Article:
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The processing of facial emotion is an important social skill that develops throughout infancy and early childhood. Here we investigate the neural underpinnings of the ability to process facial emotion across changes in facial identity in cross-sectional groups of 5- and 7-month-old infants. We simultaneously measured neural metabolic, behavioral, and autonomic responses to happy, fearful, and angry faces of different female models using functional near-infrared spectroscopy (fNIRS), eye-tracking, and heart rate measures. We observed significant neural activation to these facial emotions in a distributed set of frontal and temporal brain regions, and longer looking to the mouth region of angry faces compared to happy and fearful faces. No differences in looking behavior or neural activations were observed between 5- and 7-month-olds, although several exploratory, age-independent associations between neural activations and looking behavior were noted. Overall, these findings suggest more developmental stability than previously thought in responses to emotional facial expressions of varying identities between 5- and 7-months of age.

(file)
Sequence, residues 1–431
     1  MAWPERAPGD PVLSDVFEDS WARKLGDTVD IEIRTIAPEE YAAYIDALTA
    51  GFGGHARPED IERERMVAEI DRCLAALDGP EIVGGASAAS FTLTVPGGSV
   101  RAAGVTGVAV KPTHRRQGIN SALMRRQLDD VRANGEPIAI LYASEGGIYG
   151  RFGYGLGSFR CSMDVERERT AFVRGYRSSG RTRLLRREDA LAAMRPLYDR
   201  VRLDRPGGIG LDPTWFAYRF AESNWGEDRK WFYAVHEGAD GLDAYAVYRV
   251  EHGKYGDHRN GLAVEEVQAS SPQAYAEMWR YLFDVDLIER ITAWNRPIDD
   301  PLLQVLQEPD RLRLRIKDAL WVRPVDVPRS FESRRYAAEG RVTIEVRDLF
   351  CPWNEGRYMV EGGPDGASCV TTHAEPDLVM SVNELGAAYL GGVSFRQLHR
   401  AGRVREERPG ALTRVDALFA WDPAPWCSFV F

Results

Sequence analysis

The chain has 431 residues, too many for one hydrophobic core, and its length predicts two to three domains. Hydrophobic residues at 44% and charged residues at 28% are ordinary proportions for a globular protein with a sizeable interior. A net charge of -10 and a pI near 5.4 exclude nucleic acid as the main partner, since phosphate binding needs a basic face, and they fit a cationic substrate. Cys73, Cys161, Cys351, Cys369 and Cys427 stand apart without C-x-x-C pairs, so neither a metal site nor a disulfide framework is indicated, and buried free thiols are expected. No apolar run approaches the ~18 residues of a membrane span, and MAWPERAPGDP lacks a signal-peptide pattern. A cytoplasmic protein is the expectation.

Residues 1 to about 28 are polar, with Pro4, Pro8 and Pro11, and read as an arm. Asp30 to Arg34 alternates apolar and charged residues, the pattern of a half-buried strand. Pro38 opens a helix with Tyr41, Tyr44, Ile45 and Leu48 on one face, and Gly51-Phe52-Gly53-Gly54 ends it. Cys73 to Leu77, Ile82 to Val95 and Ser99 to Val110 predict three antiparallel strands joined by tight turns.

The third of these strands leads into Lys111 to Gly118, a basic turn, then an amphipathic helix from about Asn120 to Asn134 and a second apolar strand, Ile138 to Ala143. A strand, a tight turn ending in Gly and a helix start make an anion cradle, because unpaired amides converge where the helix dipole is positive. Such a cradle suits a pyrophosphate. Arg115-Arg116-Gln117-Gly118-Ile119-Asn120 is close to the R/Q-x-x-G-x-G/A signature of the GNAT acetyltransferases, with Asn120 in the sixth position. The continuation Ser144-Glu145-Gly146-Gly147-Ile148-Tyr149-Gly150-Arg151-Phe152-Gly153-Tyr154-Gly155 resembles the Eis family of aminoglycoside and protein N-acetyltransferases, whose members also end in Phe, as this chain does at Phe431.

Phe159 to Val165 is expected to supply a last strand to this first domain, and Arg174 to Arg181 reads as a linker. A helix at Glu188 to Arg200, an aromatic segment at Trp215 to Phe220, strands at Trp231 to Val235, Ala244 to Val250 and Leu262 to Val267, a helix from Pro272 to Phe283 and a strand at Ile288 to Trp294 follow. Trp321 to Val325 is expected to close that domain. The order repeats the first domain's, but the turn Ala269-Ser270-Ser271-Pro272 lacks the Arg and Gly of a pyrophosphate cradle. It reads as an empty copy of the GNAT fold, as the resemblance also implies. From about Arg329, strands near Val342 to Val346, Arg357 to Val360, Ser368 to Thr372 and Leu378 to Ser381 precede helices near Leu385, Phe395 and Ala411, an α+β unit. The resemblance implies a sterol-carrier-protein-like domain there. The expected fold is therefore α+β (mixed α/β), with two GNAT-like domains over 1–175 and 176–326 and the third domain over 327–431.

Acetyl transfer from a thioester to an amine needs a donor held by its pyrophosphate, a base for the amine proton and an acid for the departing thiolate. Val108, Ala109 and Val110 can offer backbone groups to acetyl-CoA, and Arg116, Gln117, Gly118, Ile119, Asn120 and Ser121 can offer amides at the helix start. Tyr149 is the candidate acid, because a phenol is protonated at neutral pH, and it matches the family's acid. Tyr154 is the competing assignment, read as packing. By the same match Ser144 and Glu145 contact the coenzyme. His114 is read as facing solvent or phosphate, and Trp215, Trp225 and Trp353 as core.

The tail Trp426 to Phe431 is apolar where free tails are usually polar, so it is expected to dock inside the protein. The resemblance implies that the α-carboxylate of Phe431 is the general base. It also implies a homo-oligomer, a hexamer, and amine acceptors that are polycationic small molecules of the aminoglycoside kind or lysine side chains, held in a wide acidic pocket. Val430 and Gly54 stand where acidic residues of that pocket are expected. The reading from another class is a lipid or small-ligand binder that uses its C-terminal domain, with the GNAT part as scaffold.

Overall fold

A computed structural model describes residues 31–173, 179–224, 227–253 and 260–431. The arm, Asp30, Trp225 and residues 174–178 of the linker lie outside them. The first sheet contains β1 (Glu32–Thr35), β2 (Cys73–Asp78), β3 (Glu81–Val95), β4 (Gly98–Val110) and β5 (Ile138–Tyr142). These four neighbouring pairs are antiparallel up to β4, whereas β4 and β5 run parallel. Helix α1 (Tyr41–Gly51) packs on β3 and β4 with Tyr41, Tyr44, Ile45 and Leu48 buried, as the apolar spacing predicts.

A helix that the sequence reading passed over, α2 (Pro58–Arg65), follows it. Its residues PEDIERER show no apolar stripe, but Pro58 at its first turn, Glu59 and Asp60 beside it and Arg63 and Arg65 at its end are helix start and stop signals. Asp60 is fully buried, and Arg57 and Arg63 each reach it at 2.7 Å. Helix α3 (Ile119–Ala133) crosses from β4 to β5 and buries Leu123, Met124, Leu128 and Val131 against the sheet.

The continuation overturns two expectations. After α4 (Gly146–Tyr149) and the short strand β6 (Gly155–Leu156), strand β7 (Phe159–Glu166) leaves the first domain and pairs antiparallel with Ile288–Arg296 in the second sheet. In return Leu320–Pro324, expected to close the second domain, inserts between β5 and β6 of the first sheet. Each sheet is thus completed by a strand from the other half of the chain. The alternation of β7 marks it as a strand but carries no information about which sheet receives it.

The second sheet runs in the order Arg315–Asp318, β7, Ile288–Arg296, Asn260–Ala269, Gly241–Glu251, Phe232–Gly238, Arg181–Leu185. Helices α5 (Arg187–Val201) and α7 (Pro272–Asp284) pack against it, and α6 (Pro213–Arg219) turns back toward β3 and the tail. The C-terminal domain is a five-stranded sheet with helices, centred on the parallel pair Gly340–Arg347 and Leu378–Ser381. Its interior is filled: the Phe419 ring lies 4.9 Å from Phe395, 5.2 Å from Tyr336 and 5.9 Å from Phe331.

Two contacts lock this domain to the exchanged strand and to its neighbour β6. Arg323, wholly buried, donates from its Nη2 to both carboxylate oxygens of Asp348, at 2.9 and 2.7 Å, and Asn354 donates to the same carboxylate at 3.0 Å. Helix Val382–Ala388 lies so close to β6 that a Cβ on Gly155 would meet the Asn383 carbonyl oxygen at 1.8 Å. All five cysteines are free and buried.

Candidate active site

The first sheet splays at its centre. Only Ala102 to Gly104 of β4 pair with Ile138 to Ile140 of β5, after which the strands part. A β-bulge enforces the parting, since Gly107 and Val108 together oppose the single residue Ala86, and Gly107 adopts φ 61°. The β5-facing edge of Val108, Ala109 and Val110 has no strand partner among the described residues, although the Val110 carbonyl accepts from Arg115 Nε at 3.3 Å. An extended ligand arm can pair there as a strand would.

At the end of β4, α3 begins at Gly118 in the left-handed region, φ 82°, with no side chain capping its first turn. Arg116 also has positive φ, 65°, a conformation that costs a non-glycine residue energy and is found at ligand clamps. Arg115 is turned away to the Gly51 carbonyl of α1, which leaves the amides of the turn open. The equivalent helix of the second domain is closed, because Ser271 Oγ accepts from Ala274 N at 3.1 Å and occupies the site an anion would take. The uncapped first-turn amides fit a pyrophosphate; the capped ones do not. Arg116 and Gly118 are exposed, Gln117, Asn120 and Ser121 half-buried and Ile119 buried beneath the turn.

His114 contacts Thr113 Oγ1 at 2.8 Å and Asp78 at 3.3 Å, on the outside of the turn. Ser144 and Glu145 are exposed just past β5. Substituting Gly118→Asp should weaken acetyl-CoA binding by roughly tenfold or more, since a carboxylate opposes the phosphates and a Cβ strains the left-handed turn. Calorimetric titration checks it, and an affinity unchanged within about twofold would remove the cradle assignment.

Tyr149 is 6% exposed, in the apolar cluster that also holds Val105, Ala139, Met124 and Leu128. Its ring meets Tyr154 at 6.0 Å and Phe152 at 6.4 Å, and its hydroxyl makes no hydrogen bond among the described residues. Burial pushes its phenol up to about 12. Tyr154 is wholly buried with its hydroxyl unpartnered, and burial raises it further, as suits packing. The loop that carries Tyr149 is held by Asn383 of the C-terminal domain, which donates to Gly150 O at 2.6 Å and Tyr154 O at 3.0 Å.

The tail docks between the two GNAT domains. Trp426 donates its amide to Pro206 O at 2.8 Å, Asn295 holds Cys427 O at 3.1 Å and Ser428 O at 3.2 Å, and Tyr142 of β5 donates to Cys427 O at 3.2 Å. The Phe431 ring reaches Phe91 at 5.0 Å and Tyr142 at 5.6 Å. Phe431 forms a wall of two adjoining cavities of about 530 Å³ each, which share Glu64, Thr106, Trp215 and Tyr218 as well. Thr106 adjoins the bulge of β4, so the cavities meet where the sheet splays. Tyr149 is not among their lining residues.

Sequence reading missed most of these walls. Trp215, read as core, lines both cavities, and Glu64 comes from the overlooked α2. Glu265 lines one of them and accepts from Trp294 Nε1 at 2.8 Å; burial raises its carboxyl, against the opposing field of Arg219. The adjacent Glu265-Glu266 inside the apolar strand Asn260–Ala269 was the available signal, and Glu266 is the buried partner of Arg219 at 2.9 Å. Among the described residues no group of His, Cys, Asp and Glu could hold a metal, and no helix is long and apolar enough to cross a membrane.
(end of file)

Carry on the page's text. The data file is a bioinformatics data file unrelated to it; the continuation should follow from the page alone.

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© 2020 The Authors. Published by Elsevier Ltd.

This article is available under the Creative Commons CC-BY-NC-ND license and permits non-commercial use of the work as published, without adaptation or alteration provided the work is fully attributed.

APA Citation

Bayet, L., Perdue, K. L., Behrendt, H. F., Richards, J. E., Westerlund, A., Cataldo, J. K., & Nelson, C. A. (2021). Neural responses to happy, fearful and angry faces of varying identities in 5- and 7-month-old infants. Developmental Cognitive Neuroscience, 47, 100882.

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